Journal of Forensic Dental Sciences

: 2015  |  Volume : 7  |  Issue : 2  |  Page : 101--106

Cheiloscopic patterns in Indian population and their efficacy in sex determination: A randomized cross-sectional study

Rachna Kaul, Shreenivasa Murthy Padmashree, Padar Shastry Shilpa, Nishat Sultana, Suraksha Bhat 
 Department of Oral Medicine and Radiology, Vydehi Institute of Dental Sciences and Research Centre, Bangalore, Karnataka, India

Correspondence Address:
Rachna Kaul
Department of Oral Medicine and Radiology, Vydehi Institute of Dental Sciences and Research Centre, No. 82, EPIP Area, Whitefield, Bangalore - 560 066, Karnataka


Background: Cheiloscopy or the study of lip prints is an important tool in forensic dentistry which is gaining popularity in current times. Not only has it proven effective in identification of individuals, but its role in sex determination has also been investigated. There are six different types of cheiloscopic/lip print patterns according to Tsuchihashi. Aims: The present study was conducted to find the prevalence of cheiloscopic/lip print pattern in 755 individuals and also to assess their efficacy in sex determination. Materials and Methods: According to classification by Tsuchihashi, the lip prints were analysed. Sex determination using lip print was done by method given by Vahanwala et al. Results: It was found that Type I was the most prevalent cheiloscopic pattern. Based on the method of sex determination using lip prints by Vahanwala et al., the percentage of individuals correctly identified was less. Conclusion: Although cheiloscopy holds promise as a supplementary tool along with other modes to recognize the sex of an individual, there is need for further studies using standardized methods to evaluate the same in larger population sizes.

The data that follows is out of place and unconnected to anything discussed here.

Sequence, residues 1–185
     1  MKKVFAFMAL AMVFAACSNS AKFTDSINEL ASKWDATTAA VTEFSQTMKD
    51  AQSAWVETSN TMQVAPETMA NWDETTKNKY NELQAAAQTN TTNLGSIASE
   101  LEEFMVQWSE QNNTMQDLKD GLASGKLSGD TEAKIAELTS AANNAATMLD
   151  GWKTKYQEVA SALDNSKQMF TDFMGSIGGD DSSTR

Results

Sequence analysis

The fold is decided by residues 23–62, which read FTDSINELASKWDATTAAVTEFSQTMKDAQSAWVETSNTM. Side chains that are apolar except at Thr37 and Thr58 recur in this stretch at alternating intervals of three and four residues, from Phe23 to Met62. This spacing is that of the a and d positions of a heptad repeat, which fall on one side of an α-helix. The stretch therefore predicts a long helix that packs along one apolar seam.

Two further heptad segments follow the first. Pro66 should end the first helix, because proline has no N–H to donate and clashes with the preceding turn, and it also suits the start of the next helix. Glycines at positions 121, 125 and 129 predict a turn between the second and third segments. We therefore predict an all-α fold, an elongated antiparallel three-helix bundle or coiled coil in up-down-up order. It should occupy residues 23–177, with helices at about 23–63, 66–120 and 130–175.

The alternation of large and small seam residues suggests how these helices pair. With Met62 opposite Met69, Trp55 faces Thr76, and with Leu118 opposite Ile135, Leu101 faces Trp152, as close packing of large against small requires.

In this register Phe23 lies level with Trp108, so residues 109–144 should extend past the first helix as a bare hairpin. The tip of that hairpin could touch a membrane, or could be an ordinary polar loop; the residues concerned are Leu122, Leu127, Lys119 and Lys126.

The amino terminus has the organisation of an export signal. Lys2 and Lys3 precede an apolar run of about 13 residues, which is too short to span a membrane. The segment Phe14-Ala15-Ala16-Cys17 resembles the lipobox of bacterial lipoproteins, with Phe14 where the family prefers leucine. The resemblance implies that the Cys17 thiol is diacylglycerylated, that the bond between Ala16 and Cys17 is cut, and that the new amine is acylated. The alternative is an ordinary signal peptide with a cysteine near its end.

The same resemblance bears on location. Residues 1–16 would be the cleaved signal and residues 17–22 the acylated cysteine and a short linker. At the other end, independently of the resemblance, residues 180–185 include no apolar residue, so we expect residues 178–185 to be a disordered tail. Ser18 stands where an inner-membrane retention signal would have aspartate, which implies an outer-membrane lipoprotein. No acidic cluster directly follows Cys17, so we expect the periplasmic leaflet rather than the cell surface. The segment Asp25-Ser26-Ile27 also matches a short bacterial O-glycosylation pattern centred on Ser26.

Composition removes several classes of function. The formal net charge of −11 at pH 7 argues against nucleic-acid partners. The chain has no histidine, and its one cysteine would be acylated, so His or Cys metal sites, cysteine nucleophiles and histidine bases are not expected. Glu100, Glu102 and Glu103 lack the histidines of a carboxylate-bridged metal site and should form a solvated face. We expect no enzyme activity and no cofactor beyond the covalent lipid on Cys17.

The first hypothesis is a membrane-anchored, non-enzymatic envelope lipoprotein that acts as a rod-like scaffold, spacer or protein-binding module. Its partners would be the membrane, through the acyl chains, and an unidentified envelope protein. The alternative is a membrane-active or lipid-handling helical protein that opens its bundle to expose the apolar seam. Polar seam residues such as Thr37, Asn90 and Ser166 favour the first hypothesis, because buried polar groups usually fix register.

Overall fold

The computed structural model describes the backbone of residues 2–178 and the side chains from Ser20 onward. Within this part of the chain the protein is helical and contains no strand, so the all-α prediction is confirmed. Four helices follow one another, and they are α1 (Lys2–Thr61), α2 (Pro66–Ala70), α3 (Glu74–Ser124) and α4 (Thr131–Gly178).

How to cite this article:
Kaul R, Padmashree SM, Shilpa PS, Sultana N, Bhat S. Cheiloscopic patterns in Indian population and their efficacy in sex determination: A randomized cross-sectional study.J Forensic Dent Sci 2015;7:101-106

How to cite this URL:
Kaul R, Padmashree SM, Shilpa PS, Sultana N, Bhat S. Cheiloscopic patterns in Indian population and their efficacy in sex determination: A randomized cross-sectional study. J Forensic Dent Sci [serial online] 2015 [cited 2019 Sep 18 ];7:101-106
Available from:

Full Text